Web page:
Gross and Burnett1 in 1933 described the appearance of semifluctuant irregularly lobulated fatty masses beneath the outer malleoli as a common observance. While the literature suggests that lipomas of the feet are uncommon, the author’s experience suggests that juxtamalleolar lipomas are commonly overlooked and under diagnosed.2-4 Lipomas around the malleoli are a common occurrence in middle-aged women. Because of their appearance during menopause, these fat deposits were once referred to as Menopausal Lipoma. This association, however, has not been proven. These fatty masses may occur either gradually or appear fairly suddenly within a year or two. These swellings often are confused with edema from congestive heart disease or ankle synovitis associated with arthritis. The lesions tend at times to be tender or painful due to compression of the sensory branch of the superficial peroneal nerve, which normally traverses these fatty masses.5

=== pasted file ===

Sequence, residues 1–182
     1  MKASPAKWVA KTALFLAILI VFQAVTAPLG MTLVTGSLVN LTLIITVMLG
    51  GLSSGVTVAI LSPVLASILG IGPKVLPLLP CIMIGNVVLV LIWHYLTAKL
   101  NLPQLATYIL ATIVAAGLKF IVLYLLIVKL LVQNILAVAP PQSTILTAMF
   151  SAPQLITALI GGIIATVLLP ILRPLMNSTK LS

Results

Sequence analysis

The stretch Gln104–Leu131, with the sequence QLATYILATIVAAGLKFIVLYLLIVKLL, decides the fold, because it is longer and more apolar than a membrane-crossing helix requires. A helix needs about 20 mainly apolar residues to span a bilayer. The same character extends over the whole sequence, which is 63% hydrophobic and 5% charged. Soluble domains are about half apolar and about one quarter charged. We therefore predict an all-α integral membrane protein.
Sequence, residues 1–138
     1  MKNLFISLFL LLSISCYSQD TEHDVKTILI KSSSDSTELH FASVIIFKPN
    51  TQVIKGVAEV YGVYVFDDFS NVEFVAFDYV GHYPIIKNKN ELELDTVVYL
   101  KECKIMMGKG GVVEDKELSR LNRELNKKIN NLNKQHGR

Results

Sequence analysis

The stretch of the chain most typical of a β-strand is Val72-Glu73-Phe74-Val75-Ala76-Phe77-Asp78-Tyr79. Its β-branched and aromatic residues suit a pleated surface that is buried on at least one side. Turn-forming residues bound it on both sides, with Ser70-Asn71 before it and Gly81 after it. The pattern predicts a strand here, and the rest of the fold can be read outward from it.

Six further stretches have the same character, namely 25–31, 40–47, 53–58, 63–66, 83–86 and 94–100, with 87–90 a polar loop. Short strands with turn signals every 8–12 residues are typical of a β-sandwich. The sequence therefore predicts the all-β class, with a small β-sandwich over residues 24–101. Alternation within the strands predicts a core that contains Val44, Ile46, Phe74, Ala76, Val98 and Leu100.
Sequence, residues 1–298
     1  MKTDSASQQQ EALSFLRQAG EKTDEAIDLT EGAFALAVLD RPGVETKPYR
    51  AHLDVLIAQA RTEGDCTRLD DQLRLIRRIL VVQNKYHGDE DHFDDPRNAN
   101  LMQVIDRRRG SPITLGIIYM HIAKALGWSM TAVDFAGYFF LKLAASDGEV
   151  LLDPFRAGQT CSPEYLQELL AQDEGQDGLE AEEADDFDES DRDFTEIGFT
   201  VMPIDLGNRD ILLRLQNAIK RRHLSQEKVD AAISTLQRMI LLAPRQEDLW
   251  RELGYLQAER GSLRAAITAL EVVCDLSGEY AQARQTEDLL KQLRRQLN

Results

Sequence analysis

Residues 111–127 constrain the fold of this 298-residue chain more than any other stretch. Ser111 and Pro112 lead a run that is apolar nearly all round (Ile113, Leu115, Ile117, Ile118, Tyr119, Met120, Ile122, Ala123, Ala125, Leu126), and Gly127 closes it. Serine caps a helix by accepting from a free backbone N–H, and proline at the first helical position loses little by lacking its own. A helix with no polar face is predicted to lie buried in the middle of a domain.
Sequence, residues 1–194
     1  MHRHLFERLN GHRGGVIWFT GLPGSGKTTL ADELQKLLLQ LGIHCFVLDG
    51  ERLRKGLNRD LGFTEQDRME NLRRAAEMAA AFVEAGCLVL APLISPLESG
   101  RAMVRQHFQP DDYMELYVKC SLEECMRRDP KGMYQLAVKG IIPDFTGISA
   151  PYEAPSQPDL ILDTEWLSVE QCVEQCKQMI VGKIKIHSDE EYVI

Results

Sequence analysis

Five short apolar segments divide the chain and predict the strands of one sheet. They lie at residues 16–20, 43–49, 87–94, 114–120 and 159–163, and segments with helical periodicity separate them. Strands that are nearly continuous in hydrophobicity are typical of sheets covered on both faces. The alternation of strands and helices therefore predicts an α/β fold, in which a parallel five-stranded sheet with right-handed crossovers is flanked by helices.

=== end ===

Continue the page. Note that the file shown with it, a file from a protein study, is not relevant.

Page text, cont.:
A 53-year-old woman with...

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